In the past few weeks I’ve been writing about agile projects, Scrum vs. waterfall or using the two project approaches together, and a theme that keeps coming up when I talk to project managers is cutting the fat.
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For a software development project to be agile, Alex Keenan, an ERP analyst and agile project team member with a large grocery chain, believes waste should be pinpointed as you plan and implement any project, and, with agile, continued to be identified with each project iteration.
He points to a Forrester Research chart that compares lean methodologies used in manufacturing and their counterparts for software development.
Sources of waste in manufacturing include: overproduction, waiting (time on hand), unnecessary transport, overprocessing or incorrect processing, excess inventory, unnecessary movement, defects and unused employee creativity.
The application development equivalents, according to Forrester Research, are: too many superfluous artifacts, broken builds, too many tool transitions, rigid architectures, analysis paralysis, late discovery of defects, rising downstream labor costs, polluted supply chain management streams and measure of effort and not results.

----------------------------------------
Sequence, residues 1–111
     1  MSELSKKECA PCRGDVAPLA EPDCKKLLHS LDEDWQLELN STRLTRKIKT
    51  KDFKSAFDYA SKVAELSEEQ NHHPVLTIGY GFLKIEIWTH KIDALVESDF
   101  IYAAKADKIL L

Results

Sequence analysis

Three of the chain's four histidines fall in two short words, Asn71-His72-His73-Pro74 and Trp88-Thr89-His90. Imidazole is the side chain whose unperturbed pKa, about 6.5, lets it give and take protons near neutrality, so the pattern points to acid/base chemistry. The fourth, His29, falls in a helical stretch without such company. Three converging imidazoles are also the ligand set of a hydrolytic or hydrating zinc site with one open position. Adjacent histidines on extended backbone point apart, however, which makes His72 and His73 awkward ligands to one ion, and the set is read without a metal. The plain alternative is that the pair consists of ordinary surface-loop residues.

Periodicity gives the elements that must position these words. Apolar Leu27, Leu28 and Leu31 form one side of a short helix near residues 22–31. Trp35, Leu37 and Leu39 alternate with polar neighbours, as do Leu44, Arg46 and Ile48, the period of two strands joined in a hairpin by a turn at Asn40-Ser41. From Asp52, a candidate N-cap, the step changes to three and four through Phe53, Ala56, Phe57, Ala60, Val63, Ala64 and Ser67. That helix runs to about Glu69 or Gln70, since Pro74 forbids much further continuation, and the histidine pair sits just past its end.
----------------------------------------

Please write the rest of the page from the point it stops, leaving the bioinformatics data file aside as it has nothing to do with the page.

CIO Niel Nickolaisen also lays out how to translate lean methodologies to IT projects in a recent column.
From lean methodologies, I have learned about the seven forms of waste and how to map those to IT processes:
• Rework: How many times in IT do we ask for do-overs?
• Waiting: For example, we often have to wait for the input of a subject-matter expert before we can make a decision.
• Overprocessing: Research tells us that 64% of the software features and functions we develop are rarely, if ever, used.
• Excess inventory: A recent study found that about 40% of our software licenses are shelfware.
• Excess motion: How many of our status reporting mechanisms actually generate value rather than churn?
• Excess movement: Am I the only one whose projects get caught in multiple decision loops?
• Overproduction: How many of us buy licenses in large batches, rather than just in time?
These are a few takes on applying lean methodologies to IT projects and processes. What works for you? Email me at email@example.com.